I thought that feeling like an alien was simply my lot in life - until Amsterdam. In Amsterdam, I was taken by almost everybody to be a local. I had to excuse myself a hundred times and explain that, no, I was not a Nederlander but a New Yorker. It wasn't so much that I loved Amsterdam (although I did!) as that Amsterdam seemed to be loving me.

If only I could transform Kathleen into an international lawyer, I'd move to Amsterdam in a heartbeat. 

Yorkville High Street>Travels>A Week in Amsterdam


August 14, 2006

The Solid Gold Cadillac

In a few weeks, I'll be writing about a book that talks of "the corporatocracy" in a manner so chilling that one doubts that one ought to be seen with it in public, lest "the jackals" pounce. It is very easy to see large corporations as agents of evil. In fact, however, as the movie under discussion makes clear, the corporation is simply a device capable of conferring inordinate power on incompetent people. As I read about the born John Bulls who converted to Islam and plotted to blow up planes with bombs assembled in flight, I ask myself if the "war" is simply a struggle between global corporatism and its discontents, taking Islam as a stooge. We could certainly use a Judy Holliday now.

Audience>Home Theatre>The Solid Gold Cadillac


August 13, 2006

At the Allen Room


This weekend has been something of a comble. I do not really understand this French noun, outside of the Racinian lament - "comble de misères" ("heap of troubles"). But we have had a heap of fun. I wish I could tell you that we had a fascinating dinner at some new restaurant - perhaps one of the "TimeWarner Collection" restaurants - before our Allen Room venture. In fact we had a pizza at home, at 8:30 - plenty of time to dress for a crosstown trip to a hitherto unknown venue. When we got there, we overheard a lot of other people saying that they'd never been to the Allen Room before, either. We were a Mostly Mozart crowd in temporary occupation of Jazz at Lincoln Center facilities.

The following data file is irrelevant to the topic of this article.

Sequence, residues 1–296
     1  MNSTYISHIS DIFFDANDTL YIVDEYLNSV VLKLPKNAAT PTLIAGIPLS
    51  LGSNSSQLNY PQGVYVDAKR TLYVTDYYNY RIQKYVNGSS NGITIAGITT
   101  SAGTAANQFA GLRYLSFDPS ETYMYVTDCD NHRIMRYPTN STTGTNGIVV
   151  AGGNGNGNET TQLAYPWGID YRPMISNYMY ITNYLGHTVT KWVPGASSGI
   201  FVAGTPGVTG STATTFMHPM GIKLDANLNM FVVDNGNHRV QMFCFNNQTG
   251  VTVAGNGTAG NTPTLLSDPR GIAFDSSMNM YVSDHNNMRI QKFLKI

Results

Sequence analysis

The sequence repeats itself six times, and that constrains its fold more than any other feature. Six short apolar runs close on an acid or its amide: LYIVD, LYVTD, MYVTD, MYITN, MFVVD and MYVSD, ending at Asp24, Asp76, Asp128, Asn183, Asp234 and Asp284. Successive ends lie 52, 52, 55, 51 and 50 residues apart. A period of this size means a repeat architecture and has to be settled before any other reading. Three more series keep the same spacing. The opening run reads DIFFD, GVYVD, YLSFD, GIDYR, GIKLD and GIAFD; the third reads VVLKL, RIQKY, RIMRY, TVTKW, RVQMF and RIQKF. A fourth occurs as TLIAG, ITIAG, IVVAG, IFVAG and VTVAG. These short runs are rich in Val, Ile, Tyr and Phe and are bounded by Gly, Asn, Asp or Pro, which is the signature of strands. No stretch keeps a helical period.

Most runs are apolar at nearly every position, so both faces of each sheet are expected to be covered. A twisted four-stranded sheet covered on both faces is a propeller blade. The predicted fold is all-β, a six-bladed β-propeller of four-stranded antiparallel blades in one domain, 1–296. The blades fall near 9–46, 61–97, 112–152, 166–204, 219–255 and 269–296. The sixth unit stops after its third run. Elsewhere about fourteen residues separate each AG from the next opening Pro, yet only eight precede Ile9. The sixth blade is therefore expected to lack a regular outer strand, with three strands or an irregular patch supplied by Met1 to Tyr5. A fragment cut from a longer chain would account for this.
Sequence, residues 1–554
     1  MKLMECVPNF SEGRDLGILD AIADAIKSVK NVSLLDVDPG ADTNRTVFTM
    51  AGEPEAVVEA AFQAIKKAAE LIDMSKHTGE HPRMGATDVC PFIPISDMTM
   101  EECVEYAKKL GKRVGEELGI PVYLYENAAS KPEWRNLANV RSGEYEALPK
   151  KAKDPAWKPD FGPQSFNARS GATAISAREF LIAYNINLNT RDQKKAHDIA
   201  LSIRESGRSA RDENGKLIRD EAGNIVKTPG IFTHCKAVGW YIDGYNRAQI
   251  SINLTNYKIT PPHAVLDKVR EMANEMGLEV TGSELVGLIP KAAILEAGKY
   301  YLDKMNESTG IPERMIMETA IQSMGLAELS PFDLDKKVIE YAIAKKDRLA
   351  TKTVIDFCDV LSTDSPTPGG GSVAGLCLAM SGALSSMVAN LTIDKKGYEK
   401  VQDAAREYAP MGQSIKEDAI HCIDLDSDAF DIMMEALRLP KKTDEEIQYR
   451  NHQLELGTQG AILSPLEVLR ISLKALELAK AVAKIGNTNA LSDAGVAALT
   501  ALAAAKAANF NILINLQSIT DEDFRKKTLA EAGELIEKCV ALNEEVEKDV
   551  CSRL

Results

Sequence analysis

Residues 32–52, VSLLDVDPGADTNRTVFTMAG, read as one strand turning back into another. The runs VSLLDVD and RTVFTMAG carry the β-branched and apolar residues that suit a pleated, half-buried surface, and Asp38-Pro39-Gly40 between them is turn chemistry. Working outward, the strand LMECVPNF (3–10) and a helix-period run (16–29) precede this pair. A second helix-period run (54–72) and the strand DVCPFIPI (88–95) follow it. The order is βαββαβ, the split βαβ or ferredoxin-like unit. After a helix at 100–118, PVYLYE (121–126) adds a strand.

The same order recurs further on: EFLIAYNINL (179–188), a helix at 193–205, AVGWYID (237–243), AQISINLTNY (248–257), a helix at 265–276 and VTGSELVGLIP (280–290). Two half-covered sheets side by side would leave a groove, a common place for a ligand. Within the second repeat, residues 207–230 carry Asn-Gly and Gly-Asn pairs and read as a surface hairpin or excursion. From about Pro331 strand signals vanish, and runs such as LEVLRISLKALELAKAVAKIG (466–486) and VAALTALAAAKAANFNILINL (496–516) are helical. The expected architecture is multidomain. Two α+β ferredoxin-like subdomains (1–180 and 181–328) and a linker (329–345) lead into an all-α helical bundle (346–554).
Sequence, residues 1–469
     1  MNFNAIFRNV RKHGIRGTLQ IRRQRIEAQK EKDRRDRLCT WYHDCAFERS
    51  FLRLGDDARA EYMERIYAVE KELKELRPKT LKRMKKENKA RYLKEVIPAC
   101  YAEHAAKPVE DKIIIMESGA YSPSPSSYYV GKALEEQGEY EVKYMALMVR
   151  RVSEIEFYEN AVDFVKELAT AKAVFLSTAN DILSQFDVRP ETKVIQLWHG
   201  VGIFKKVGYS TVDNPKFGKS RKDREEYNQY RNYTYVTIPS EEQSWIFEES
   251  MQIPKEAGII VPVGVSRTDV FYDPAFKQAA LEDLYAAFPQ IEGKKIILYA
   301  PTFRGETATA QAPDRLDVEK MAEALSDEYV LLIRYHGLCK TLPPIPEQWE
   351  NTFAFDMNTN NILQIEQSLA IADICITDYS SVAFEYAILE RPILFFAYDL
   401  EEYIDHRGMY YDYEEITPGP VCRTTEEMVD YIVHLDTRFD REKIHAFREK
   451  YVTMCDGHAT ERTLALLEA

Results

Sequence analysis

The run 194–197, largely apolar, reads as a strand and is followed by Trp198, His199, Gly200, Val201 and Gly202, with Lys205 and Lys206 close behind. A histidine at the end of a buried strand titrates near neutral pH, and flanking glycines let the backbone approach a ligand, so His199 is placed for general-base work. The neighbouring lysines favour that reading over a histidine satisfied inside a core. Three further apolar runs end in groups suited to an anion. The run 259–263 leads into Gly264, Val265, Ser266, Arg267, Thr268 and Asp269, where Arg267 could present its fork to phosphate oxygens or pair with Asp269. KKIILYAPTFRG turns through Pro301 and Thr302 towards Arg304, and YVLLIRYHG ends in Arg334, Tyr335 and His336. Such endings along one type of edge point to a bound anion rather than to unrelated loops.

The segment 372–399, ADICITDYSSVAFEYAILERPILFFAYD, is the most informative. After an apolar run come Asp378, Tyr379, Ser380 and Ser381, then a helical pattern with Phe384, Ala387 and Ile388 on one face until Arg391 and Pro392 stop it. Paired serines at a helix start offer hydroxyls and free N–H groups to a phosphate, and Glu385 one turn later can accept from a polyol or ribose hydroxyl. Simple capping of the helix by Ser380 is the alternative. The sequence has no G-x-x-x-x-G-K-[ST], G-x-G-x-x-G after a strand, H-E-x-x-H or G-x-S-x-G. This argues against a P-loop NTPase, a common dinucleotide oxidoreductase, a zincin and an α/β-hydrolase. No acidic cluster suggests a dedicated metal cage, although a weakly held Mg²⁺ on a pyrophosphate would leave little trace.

Once upon a time, I programmed music for all of Harris County, but now I concentrate on surprising my wife. Did I know what the interaction between Concerto Köln and Sarband - a group of Turkish musicians determined to bridge gaps between east and west and Muslim and Jew - would be like? Not at all. The evening could have been awful. Even if the music hadn't been worth hearing, I reasoned when ordering what turned out to be second-row seats, I'd find out what the Allen Room was like. On the eve of its third season, I still don't know anyone who has been to it. It turns out to be the dream-come-true of a thousand black-and-white Thirties and Forties movies about New York: a modest amphitheatre, its levels generous enough for nightclub tables, sloping toward a performance area backed by an enormous window beyond which stretches Columbus Circle, West 57th Street, and, well, New York, New York. There are no famous skyscrapers in the view, but if the good people at the Pierre and the Sherry-Netherlands would light up their tops, the Allen Room would be an exciting place to sit still in.   

The music was not awful, as, indeed, I'd had enough faith in Mostly Mozart's programmers to expect, and when it was over I got my favorite confession: Kathleen's saying that she really hadn't been looking forward to the concert at all but that she'd really, really, really loved it. The program, which was designed to show the impact of Viennese music on at least one early nineteenth-century effendi, might have seemed daring to some, but in fact it's all captured on a CD, of which this cut, which was reprised as an encore, had everybody whistling on the way out. (It could have been wild-West music, don't you think?) It was the opposite of difficult and demanding music. Everyone loved it.

I think I'll wait until the CD arrives to talk about Sarband. For the moment it's enough to note that, by a breathtaking coincidence, the Turkish bankers who summoned Kathleen to Istanbul at the beginning of 2005 are in town, and we're taking them to our favorite brunch spot at noon. Happily, there's one phrase of Turkish that I haven't forgotten: hoş geldiniz!